February 10, 1888|
Abilene, Kansas, U.S.
|Died||December 22, 1966
Santa Monica, California, U.S.
|Resting place||Forest Lawn Memorial Park, Glendale|
|Occupation||Director, actor, screenwriter|
Harry Beaumont (February 10, 1888 – December 22, 1966) was an American film director, actor, and screenwriter. He worked for a variety of production companies including Fox, Goldwyn, Metro, Warner Brothers, and Metro-Goldwyn-Mayer.
Beaumont's greatest successes were during the silent film era, when he directed films including John Barrymore's Beau Brummel (1924) and the silent youth movie Our Dancing Daughters (1928), featuring Joan Crawford. He then directed MGM's first talkie musical, The Broadway Melody (1929). The latter film won the Best Picture Academy Award that year, and Beaumont was nominated for Best Director.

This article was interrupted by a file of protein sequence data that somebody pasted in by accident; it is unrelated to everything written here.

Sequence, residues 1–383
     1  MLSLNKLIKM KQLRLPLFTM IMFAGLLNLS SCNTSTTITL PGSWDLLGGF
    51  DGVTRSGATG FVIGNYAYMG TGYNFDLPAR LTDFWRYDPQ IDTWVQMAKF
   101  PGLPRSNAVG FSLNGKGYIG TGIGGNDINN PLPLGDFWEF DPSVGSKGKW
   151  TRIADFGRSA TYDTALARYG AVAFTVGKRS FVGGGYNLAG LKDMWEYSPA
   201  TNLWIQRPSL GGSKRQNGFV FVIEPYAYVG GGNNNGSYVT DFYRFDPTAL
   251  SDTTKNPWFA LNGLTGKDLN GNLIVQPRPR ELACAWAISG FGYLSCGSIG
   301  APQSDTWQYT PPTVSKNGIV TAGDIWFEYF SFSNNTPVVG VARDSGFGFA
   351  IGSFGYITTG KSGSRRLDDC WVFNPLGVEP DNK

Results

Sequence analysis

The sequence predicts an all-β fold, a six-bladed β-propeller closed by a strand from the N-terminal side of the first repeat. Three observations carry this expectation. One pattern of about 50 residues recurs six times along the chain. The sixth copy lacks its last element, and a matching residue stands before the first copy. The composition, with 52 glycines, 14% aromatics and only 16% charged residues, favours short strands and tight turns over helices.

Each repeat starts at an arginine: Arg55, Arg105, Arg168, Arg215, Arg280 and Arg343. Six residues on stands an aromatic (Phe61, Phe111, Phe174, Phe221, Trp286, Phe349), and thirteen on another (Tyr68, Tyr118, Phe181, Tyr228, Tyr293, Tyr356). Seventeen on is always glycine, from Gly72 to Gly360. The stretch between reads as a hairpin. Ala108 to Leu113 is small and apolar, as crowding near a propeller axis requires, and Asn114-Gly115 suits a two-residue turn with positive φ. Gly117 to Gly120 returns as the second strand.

- The Call of the City (1915)
- Lord and Lady Algy (1919)
- Main Street (1923)
- The Gold Diggers (1923)
- Beau Brummel (1924)
- The Lover of Camille (1924)
- His Majesty, Bunker Bean (1925)
- Rose of the World (1925)
- Forbidden Hours (1928)
- Our Dancing Daughters (1928)
- A Single Man (1929)
- The Broadway Melody (1929)
- Our Blushing Brides (1930, uncredited)
- Those Three French Girls (1930)
- Dance, Fools, Dance (1931)
- Laughing Sinners (1931)
- Faithless (1932)
- When Ladies Meet (1933)
- Enchanted April (1935)
- The Girl on the Front Page (1936)
- The Show-Off (1946)
- Undercover Maisie (1947)
- Alias a Gentleman (1948)
- Brown of Harvard (1918)
- "Musical Shows Seen As Field For Sound Film". St. Petersburg Times. January 13, 1929. p. 7. Retrieved February 20, 2013.
- "Harry Beaumont Proud Father of Twin Girls". The Baltimore Sun. September 17, 1922. p. D5.
- Weaver, Sylva (April 11, 1939). "Eastertide Divides Desert Folk". The Los Angeles Times. p. A5.
- "Funeral Set for Harry Beaumont". The Los Angeles Times. December 24, 1966. p. B3.
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